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Dublin: 7 °C Sunday 13 October, 2019

While there's a limit to what employers should provide for workers, I wish Dunnes strikers the very best

A friend of mine wondered what a capitalist like me was doing expressing support for striking workers, but all’s fair in my view.

Aaron McKenna

DUNNES STORES WORKERS belonging to the Mandate trade union are out taking a very brave step, forgoing wages and withstanding pressures in order to fight for better contracts that provides more stability in their lives. I wish them the very best in their endeavour, because a strike of this nature is not undertaken for the craic and I think most of us can appreciate the very practical things the workers are looking for.

A friend of mine did wonder what an ultra orthodox capitalist like me was doing expressing support for striking workers, but all’s fair in my view: I’ll support a business doing its fair best to improve its lot, and, on the flipside, so too can workers. I reserve a special place in my heart for trade unions of the Brendan Ogle “gravy” brigade, as he was so famously caught out describing his “spoilt” ESB comrades. We all know the type of union that demands that you clean only so many busses an hour or answer so many telephone calls in return for a telephone answering allowance atop your salary. The Dunnes workers are clearly not in that place, however.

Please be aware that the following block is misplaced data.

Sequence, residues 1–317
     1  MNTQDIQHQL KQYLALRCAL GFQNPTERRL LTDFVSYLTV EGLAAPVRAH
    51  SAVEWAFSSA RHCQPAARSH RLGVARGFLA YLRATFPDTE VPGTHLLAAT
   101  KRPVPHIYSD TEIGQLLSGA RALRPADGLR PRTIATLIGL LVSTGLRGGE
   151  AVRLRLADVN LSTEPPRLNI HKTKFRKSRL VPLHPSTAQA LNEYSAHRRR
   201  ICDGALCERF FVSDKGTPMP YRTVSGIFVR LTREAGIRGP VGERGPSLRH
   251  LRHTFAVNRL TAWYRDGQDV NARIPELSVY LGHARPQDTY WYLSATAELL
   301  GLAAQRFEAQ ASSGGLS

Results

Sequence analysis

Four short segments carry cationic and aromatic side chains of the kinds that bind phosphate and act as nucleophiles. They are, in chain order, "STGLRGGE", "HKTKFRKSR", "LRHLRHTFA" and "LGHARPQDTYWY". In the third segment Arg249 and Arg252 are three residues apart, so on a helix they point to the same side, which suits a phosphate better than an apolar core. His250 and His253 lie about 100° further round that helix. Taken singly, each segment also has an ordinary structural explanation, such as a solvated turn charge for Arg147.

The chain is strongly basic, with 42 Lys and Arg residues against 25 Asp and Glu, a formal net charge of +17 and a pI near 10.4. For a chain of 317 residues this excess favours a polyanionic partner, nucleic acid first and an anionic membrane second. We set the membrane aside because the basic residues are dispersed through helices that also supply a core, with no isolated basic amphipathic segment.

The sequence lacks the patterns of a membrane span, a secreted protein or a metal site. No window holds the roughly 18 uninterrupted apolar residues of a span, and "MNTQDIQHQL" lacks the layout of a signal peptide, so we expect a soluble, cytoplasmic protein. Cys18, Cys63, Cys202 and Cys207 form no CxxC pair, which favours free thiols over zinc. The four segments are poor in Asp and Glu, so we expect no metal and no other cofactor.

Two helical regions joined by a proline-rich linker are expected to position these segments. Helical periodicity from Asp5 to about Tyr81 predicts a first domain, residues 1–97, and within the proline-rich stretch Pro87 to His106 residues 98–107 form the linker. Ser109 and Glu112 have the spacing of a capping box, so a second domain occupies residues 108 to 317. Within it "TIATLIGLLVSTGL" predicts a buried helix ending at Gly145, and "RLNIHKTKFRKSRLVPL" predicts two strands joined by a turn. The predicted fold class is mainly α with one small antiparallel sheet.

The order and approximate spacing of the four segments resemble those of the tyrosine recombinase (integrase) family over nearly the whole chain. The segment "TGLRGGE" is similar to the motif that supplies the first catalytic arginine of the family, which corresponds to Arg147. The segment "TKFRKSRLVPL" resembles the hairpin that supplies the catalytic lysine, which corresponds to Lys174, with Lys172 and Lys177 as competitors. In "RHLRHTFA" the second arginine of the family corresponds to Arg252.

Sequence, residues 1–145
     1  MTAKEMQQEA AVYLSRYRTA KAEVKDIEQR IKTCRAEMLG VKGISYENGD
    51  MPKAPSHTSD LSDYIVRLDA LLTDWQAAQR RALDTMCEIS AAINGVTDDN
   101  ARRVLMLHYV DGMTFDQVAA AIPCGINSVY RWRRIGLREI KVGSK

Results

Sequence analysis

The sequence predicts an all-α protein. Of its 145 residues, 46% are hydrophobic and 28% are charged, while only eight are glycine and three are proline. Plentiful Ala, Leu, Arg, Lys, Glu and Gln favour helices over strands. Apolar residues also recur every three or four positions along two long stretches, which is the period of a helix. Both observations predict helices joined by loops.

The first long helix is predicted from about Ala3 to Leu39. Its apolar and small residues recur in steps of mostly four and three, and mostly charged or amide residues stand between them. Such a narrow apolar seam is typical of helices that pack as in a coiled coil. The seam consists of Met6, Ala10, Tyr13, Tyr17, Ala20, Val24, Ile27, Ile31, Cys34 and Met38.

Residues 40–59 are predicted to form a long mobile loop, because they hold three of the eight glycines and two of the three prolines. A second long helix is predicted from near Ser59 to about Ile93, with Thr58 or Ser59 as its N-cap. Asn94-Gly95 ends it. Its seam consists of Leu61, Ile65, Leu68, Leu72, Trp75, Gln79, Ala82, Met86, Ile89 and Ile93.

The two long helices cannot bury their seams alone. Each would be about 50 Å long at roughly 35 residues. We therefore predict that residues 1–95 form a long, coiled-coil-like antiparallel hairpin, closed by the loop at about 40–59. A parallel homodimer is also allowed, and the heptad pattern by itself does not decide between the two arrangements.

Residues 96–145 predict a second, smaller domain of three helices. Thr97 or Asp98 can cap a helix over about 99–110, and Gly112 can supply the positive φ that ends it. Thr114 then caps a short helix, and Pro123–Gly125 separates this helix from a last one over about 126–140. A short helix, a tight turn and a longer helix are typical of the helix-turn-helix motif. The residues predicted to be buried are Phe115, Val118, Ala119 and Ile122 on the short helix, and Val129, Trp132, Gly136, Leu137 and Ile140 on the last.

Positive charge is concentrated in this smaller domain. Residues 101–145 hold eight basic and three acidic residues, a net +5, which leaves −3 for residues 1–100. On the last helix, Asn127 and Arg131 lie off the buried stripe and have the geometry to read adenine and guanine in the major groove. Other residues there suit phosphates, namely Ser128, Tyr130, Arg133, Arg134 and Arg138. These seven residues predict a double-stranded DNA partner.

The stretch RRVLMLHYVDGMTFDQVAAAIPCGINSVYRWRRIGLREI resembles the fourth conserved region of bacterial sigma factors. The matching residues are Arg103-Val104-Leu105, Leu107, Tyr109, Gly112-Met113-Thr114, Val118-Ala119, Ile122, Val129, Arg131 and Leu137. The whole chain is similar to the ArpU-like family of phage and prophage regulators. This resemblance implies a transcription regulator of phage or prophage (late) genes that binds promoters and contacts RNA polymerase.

I think, too, that the hurried calls to ban certain types of flexible contracts is political bandwagon-jumping without thought given over to the actual implications for certain segments of the workforce. It is ironic to see Fianna Fáil, for example, lamenting the working conditions of low-paid workers. The party, founded in 2011, seems to forget that a similarly named organisation with some striking lookalikes in it did indeed cut the minimum wage during its final months in office.

We must ask – what is the real reason for these contracts?

The thought doesn’t seem to have occurred to anyone in the narrative around the Dunnes 15-hour contracts, or zero hour contracts in general, that a company may simply not be able to operate on anything else. Dunnes management might simply be cheap, but I’d suspect that a few days lost trade would convince them to cut a deal before a strike if they could.

On the other side, it may be the case that these contracts are its way of managing cash flow to ensure it can pay wages at all. The company may simply not be able to meet the obligation of higher fixed cost contracts when you look at the timing of cash coming in and out of their bank account. By using flexible contracts, it can keep wage bills down at certain times to ensure it can stay liquid.

I’m speculating on Dunnes, but certainly this rule holds true in other businesses and sectors that require flexible contracts. Businesses that have large amounts of seasonal demand or that have to manage fine cash flow to keep going – the headache of most small businesses – need these contracts or they can’t survive.

Some commentary this week assumes an employer is responsible for a worker’s lot in life

Now, as in the case of Mandate workers in Dunnes, you can always refuse to work for these kinds of contracts if they’re the only possible deal on the table. But there has been more than just a thread of thinking running through the commentary this week that Dunnes, or any employer, are responsible for your lot in life as a worker.

This is distinctly different to your employer playing ball with you and providing the wages and conditions you and your colleagues demand in order to keep working for them.